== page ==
29 May 2009

A word from CHS as you hone your sermons

posted by Dan Phillips
I heard one say the other day that a certain preacher had no more gifts for the ministry than an oyster, and in my own judgment this was a slander on the oyster, for that worthy bivalve shows great discretion in his openings, and knows when to close. (Charles H Spurgeon, Lectures to My Students)
Word.

Dan Phillips's signature


29 comments:

Everyday Mommy© said...

I recall something I heard Elisabeth Eliot say one time..."It's always a good idea to keep your mouth shut."

DJP said...

That is true.

But I believe CHS more has in mind getting a sermon going, and ending it. My recollection from reading Haddon Robinson's book on preaching years ago is this bit of advice: when you start, start with a bang; when you stop, stop all over.

Tim Knotts said...

"Better to keep your mouth closed and be thought a fool than to open it and remove all doubt" -Mark Twain

DJP said...

Very true but, again, not Spurgeon's point.

Rhology said...

If I didn't know better, I'd say that was a rather British insult.

DJP said...

Mine, or CHS'? I certainly mean none.

But, while he was a font of mercy to struggling saints, Spurgeon was absolute molten death on anything he saw as an incompetent or inept preacher.

Matt said...

Stinger!

donsands said...

"bivalve"

Never heard that before, and me living near the Chesapeake Bay all my life. That's just not right.

Seems the 40 minute sermon is just about right; give or take 10 minutes.

How about Ezra preaching with priests helping out for 8 hours?

DJP said...

Mm, again, true; but I don't think that is his point, either — though Spurgeon had some definite (and funny) opinions about sermon-lengths, as he did about most things.

His point is that a sermon should be definite and aimed, like a gunshot. It should start powerfully and pointedly, and go somewhere, and conclude forcefully.

I couldn't find it to quote exactly, but in another place CHS likened some preachers, in concluding their sermons, to a sailor who drifts back and forth, back and forth, looking for somewhere to land. He says we shouldn't. Know where you're going, head there, get there, land there.

donsands said...

"Know where you're going, head there, get there, land there."

I like that. And it doesn't need to expository preaching; though that would be the best way to preach methinks.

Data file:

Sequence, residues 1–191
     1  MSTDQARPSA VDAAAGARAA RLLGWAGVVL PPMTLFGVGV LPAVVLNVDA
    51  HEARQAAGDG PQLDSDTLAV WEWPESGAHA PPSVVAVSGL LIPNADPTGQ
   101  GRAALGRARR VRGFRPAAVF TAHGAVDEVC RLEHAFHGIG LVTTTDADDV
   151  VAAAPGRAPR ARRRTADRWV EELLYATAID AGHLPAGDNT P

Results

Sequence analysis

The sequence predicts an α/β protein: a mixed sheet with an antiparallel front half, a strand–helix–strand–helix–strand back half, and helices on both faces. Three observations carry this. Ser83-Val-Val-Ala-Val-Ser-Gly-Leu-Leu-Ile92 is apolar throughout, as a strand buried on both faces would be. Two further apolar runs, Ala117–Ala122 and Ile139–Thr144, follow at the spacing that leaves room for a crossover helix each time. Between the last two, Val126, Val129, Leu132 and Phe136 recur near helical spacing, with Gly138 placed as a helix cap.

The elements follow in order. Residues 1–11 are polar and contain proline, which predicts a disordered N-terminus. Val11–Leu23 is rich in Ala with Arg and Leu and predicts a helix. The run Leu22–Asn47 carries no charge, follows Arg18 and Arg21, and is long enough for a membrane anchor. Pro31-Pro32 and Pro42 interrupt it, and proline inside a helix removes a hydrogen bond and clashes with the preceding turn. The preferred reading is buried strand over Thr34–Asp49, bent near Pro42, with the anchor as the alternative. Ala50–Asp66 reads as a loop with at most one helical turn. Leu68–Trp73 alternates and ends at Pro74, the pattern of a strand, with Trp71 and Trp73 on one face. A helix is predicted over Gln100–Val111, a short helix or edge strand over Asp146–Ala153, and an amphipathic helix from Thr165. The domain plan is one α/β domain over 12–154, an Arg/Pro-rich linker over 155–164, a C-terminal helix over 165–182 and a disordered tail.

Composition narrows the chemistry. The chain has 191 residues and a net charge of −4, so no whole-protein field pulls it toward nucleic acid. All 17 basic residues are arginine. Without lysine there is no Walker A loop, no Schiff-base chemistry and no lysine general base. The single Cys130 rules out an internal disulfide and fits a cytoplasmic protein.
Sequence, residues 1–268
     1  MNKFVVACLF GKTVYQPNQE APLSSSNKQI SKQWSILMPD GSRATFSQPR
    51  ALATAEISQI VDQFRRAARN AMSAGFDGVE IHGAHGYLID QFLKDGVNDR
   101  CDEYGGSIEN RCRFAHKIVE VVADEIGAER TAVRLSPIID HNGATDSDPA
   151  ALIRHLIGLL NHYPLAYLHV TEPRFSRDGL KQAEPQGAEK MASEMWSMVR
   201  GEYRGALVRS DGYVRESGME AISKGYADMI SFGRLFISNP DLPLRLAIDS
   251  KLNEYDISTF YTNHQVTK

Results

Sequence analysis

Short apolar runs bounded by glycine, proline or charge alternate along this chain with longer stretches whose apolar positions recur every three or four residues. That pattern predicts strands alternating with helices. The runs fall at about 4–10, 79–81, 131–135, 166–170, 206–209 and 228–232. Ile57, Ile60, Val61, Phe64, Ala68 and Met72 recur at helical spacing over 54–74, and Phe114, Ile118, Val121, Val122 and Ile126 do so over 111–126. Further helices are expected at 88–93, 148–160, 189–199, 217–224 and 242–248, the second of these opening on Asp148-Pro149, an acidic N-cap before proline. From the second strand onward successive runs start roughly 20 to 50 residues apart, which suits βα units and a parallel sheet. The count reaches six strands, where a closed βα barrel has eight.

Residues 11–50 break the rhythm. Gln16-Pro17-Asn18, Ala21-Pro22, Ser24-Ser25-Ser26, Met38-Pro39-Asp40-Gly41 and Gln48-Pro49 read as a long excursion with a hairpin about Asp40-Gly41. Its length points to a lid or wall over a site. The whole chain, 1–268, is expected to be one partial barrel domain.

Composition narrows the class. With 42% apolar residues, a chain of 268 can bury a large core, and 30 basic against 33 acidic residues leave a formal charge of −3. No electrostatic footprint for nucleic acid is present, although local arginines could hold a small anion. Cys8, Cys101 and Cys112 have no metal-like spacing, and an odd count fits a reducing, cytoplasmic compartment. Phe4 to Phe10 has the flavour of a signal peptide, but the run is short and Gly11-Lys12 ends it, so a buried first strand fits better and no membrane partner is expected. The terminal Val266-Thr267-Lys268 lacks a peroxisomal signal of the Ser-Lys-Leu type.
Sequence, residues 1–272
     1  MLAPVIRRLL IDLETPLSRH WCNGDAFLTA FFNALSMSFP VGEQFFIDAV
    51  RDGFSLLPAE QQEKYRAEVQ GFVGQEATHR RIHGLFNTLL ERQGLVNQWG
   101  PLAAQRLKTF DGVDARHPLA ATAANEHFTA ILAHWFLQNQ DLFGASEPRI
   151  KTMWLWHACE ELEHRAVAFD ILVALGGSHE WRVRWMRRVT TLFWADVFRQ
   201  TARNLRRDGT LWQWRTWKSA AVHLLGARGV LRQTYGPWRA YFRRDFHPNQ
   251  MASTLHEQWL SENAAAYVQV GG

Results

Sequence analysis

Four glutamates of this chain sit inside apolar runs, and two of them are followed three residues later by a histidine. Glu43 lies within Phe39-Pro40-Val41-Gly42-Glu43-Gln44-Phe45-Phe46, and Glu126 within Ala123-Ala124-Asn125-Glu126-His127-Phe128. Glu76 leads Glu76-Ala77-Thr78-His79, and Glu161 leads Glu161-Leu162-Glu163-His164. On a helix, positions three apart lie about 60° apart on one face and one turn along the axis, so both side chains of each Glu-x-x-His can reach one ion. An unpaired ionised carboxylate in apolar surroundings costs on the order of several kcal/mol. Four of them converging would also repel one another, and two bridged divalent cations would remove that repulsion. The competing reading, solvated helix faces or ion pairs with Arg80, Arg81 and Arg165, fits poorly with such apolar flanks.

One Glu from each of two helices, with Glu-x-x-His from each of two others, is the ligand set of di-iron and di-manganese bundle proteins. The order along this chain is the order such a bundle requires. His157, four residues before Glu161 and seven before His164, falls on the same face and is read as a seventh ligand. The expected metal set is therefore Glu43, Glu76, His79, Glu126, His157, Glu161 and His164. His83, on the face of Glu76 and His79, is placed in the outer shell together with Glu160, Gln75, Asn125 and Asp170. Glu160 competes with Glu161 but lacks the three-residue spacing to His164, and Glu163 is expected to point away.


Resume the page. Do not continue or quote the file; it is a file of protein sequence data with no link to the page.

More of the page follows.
I wonder how long Spurgeon preached back in those days?

David said...

Well said. Out this way, there's a contingent that opens up the Bible, chapter by chapter (and God bless 'em for that!) and just talks through it. Stories, explanations, a little Greek, whatever comes to mind.

But that's not faithful exposition, and who knows if the gospel ever shows up?

Solameanie said...

. . . absolute, molten death . . . Now I LIKE that phrase! What images it conjures up!

ncc said...

donsands:

My first comment ever here, after being greatly blessed by the Pyros for a little more than a year now!

*Ahem* Anyway, on how long Spurgeon may have preached back then, you could try taking one of his sermons, recite out loud at 2 words per minute, gradually increasing to 4 words per minute as you get to the climax. That might give you a rough idea. Have fun at it!

Roy said...

Often wondered if Pyro would take on Spurgeon's methodology itself.

While not all his printed sermons, have read several volumes. He used the Springboard method: use any text one likes to dive into a topic. Talk on that topic. Say lots of biblical, good stuff. Use illustrations. Have outline that gives form and direction. But dive might be jacknife, sommersault, full twist, with no connection to text. Not exegetical preaching, for sure.

End result? Imho audience comes away not hearing what the Book says, but someone's summary of ideas about the Book.

stratagem said...

That bit of advice from CHS is an open and shut case. Must be something magical about that name Haddon.
So preachers: Know when to talk; know when to clam up - and don't be shellfishly long-winded.

Becky, slave of Christ said...

NCC: Did you mean 2 words per minute or per second? Per minute would be an awfully slow and painful exercise.

Herding Grasshoppers said...

Dan,